When she was new to the prac­tice,

Country Gardens - - GARDEN KNOW-HOW -

An­na­marie Fernyak strug­gled with sit­ting med­i­ta­tions. So she started walk­ing. “When you’re in a walk­ing med­i­ta­tion, the process is es­sen­tially the same, but there’s a lot more to keep your mind oc­cu­pied,” the mind­ful­ness teacher from Lucas, Ohio, says.

An­na­marie is not a somber scholar. She laughs of­ten, talks spirit­edly, and dreams big. She’s logged many miles in med­i­ta­tive walks on her and hus­band Carl’s farm, at nearby parks, along Spain’s fa­mous Camino de San­ti­ago, and through sev­eral for­mally de­signed labyrinths.

One day, she had the idea to cre­ate a labyrinth on her own prop­erty. She ini­tially thought of sim­ply em­bed­ding stones in a grassy area in a spi­ral shape. But once she got talk­ing with her gar­den de­signer, Dwight Oswalt, the con­cept grew to 88 feet in di­am­e­ter. She went on to hire Pe­abody Land­scape Group, based in Colum­bus, to build a stacked-stone perime­ter wall and a crushed gravel path pat­terned af­ter the fa­mous labyrinth on the floor of Chartres Cathe­dral in France. Oswalt bor­dered in the wind­ing path with lay­ers of grasses, herbs, an­nu­als, and peren­ni­als, in­clud­ing many na­tives and pol­li­na­tor fa­vorites.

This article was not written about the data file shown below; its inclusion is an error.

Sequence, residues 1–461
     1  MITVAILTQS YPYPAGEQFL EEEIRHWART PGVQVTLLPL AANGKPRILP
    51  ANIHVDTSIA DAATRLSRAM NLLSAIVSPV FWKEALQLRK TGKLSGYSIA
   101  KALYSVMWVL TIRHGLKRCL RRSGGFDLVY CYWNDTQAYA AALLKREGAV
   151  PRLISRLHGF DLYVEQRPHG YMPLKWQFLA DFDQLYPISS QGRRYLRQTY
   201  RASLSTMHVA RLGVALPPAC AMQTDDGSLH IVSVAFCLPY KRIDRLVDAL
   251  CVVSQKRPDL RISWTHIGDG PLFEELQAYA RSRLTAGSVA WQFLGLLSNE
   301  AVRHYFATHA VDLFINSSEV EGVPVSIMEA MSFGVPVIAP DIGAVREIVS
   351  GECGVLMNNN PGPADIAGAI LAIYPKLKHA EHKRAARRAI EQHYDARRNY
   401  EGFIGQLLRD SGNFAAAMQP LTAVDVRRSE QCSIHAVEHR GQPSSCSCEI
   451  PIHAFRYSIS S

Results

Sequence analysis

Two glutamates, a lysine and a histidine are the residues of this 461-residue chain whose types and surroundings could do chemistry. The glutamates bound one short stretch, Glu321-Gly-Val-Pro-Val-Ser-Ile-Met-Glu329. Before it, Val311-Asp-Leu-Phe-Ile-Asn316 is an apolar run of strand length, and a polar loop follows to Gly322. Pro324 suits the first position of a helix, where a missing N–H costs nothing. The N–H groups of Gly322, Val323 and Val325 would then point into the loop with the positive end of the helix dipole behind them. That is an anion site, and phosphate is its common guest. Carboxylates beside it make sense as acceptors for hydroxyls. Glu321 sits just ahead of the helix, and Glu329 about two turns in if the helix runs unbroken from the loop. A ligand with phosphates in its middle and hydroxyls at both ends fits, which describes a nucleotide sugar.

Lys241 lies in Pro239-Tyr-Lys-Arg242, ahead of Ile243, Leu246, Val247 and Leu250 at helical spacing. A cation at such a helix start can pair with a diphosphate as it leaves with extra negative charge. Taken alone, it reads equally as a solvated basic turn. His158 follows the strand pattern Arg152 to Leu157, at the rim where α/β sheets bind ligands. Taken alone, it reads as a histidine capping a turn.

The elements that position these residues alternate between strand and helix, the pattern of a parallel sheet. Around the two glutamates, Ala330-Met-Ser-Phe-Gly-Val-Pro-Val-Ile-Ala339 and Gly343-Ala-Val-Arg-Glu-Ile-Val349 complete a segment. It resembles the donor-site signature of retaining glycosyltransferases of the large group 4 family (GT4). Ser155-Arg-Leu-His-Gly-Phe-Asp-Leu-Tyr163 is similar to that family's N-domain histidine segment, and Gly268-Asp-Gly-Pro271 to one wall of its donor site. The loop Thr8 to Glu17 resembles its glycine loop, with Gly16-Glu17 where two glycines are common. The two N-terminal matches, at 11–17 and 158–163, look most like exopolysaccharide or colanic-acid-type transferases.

“It’s meant to be very tac­tile with plants to touch, feel, and eat,” An­na­marie says.

Scar­let bee balm (Monarda didyma) TOP The scent of mint adds to the sen­sory ex­pe­ri­ence of the sum­mer sol­stice labyrinth walk for par­tic­i­pant Re­becca Owens. ABOVE An­na­marie found her ex­pe­ri­ence of med­i­ta­tive walk­ing im­por­tant enough that she of­fers it to oth­ers. “If we can pause for a mo­ment and in­vite our­selves to see the world freshly with­out fil­ters, then we have the op­por­tu­nity to make new and dif­fer­ent choices,” she says.

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